Brazilian Beef & Cornellians In Kerala

Click the image below to go to the story.  Brazil, host to the 1992 summit that put the concept of sustainable development into global consciousness, host to its follow up this year, and an erstwhile hotbed of environmentalism, is in recent years also the home of cattle-ranchers and soy farmers who slash and burn the Amazon rainforest in vast swathes to feed a growing global population.  What shall we do?

We have already noted our support of beefs with major corporations over irresponsible forestry practices; and we have a beef with US tax code that warps market forces, reduces the incentive for ecologically sound grazing practices and leads to poorer human health outcomes… but here our beef should be with beef itself, since Brazilian political leaders seem ill-equipped to contain the destruction of Amazon rainforest by enforcing that country’s already strong environmental law. May we suggest a simple change in diet?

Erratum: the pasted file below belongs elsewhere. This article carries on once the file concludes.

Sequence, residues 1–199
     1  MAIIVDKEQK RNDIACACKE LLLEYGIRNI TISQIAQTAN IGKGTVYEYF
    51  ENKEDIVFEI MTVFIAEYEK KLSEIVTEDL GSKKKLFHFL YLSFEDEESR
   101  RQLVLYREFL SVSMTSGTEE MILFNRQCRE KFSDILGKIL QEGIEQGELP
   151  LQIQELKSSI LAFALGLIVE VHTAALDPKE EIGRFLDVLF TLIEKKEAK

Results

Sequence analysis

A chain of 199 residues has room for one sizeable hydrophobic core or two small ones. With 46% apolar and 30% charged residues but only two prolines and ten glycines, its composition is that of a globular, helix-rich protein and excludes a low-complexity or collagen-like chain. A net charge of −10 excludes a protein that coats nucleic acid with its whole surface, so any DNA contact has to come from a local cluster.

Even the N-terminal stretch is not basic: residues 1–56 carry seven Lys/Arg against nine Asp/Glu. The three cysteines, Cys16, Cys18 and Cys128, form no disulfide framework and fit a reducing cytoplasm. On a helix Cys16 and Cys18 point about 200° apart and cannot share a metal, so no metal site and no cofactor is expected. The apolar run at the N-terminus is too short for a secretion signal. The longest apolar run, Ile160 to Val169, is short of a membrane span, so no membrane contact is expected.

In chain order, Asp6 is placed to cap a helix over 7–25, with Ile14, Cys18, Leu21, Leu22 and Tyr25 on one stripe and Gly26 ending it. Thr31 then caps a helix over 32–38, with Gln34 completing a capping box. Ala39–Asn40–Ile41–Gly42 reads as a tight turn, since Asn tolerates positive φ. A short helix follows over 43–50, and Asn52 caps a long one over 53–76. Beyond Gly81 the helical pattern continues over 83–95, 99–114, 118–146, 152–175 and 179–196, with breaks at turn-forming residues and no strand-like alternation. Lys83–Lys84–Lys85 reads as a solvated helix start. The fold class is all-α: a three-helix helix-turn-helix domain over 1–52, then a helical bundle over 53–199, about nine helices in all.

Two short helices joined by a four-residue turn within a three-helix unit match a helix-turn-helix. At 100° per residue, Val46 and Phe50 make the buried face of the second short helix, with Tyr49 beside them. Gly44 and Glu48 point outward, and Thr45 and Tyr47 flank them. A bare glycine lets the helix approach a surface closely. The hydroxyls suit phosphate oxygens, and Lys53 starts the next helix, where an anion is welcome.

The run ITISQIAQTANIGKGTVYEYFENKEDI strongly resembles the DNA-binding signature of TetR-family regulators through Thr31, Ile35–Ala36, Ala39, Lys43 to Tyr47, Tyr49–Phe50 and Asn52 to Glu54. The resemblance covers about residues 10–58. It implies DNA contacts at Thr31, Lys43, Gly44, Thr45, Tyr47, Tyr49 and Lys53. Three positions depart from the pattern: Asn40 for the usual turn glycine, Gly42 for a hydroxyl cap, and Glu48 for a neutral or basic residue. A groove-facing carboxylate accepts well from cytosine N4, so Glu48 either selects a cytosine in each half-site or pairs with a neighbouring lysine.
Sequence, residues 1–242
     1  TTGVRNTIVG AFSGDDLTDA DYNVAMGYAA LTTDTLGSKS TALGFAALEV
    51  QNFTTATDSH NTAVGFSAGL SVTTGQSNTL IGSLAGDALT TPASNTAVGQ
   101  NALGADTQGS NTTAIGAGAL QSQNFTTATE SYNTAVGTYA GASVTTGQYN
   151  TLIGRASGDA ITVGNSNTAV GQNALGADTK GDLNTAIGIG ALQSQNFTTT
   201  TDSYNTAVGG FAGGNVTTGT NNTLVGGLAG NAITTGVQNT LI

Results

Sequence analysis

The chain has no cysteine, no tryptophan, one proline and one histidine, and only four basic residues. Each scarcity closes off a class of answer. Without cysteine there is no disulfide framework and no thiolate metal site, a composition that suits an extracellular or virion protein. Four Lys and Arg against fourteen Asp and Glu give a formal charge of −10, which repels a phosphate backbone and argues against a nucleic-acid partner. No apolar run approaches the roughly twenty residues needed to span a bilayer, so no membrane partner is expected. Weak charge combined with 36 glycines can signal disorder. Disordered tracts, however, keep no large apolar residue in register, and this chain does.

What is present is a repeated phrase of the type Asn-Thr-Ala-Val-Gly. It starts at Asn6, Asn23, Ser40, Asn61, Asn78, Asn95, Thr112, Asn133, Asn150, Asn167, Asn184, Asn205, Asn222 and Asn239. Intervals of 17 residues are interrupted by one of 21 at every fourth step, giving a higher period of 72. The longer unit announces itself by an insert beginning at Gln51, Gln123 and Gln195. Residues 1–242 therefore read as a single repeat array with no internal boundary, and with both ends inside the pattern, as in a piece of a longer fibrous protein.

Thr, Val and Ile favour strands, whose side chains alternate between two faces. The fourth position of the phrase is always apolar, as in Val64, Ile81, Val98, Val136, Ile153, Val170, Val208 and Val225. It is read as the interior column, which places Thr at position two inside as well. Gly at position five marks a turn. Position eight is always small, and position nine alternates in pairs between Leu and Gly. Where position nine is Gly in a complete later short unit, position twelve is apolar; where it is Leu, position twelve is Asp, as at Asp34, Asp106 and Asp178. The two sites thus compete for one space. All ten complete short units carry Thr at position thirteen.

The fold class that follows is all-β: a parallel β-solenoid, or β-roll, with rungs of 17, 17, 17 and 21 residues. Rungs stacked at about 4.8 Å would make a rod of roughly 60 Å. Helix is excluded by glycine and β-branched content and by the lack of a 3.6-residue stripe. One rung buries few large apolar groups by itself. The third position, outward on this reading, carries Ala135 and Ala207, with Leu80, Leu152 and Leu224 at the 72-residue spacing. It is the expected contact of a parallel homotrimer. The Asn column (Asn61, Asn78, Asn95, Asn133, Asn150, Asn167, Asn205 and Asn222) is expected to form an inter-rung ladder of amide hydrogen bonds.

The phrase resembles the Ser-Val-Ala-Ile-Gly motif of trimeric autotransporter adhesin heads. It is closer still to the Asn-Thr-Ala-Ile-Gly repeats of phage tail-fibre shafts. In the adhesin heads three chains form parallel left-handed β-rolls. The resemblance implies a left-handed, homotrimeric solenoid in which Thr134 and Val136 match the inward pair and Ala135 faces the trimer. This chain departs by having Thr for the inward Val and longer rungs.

Raxa Collective sees travelers increasingly mentioning their love of vegetarian options on the menu (e.g. here and here) so we are doubling our bet on vegetarian cuisine.  A group of seven amazing Cornellians will be working on this with us, among other green initiatives, for the next few months so the next post(s) will introduce them. Meanwhile, send your favorite veg recipes…

Cattle at an illegal settlement in northern Brazil: such ranches are the leading source of rainforest destruction in the Amazon. Photograph: Antonio Scorza/AFP/Getty Images

Greenpeace’s latest investigations follow a groundbreaking study in 2009 that for the first time established a clear chain of responsibility stretching from Amazonian ranches on land cleared illegally to western companies including luxury brands, supermarkets and a variety of “household name” firms using everything from leather, beef and other cattle byproducts to paper packaging.

After that report, a wide range of multinational companies pledged to re-examine their supply chains to ensure no material from illegally cleared forests in the Amazon reached their customers. As part of that effort, the Brazilian companies most heavily involved in the Amazon trade also vowed to clean up their supply chains, going further than the minimum required by Brazilian law.

But this latest study alleges that in the past three years JBS has failed to live up to its pledges.

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